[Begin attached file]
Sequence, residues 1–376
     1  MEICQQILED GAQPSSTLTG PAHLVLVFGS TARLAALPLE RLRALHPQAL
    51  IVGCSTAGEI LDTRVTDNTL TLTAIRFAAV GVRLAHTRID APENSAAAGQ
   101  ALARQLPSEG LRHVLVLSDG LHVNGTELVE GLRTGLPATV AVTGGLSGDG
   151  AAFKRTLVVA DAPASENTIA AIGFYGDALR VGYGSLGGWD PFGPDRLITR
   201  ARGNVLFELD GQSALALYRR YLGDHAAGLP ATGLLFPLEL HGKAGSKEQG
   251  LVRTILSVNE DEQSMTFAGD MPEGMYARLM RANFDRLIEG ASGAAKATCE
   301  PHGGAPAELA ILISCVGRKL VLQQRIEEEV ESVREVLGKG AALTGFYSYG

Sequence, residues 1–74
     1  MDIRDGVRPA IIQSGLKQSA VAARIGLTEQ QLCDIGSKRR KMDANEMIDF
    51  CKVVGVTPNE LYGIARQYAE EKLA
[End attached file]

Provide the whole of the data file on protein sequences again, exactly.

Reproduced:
Sequence, residues 1–376
     1  MEICQQILED GAQPSSTLTG PAHLVLVFGS TARLAALPLE RLRALHPQAL
    51  IVGCSTAGEI LDTRVTDNTL TLTAIRFAAV GVRLAHTRID APENSAAAGQ
   101  ALARQLPSEG LRHVLVLSDG LHVNGTELVE GLRTGLPATV AVTGGLSGDG
   151  AAFKRTLVVA DAPASENTIA AIGFYGDALR VGYGSLGGWD PFGPDRLITR
   201  ARGNVLFELD GQSALALYRR YLGDHAAGLP ATGLLFPLEL HGKAGSKEQG
   251  LVRTILSVNE DEQSMTFAGD MPEGMYARLM RANFDRLIEG ASGAAKATCE
   301  PHGGAPAELA ILISCVGRKL VLQQRIEEEV ESVREVLGKG AALTGFYSYG

Sequence, residues 1–74
     1  MDIRDGVRPA IIQSGLKQSA VAARIGLTEQ QLCDIGSKRR KMDANEMIDF
    51  CKVVGVTPNE LYGIARQYAE EKLA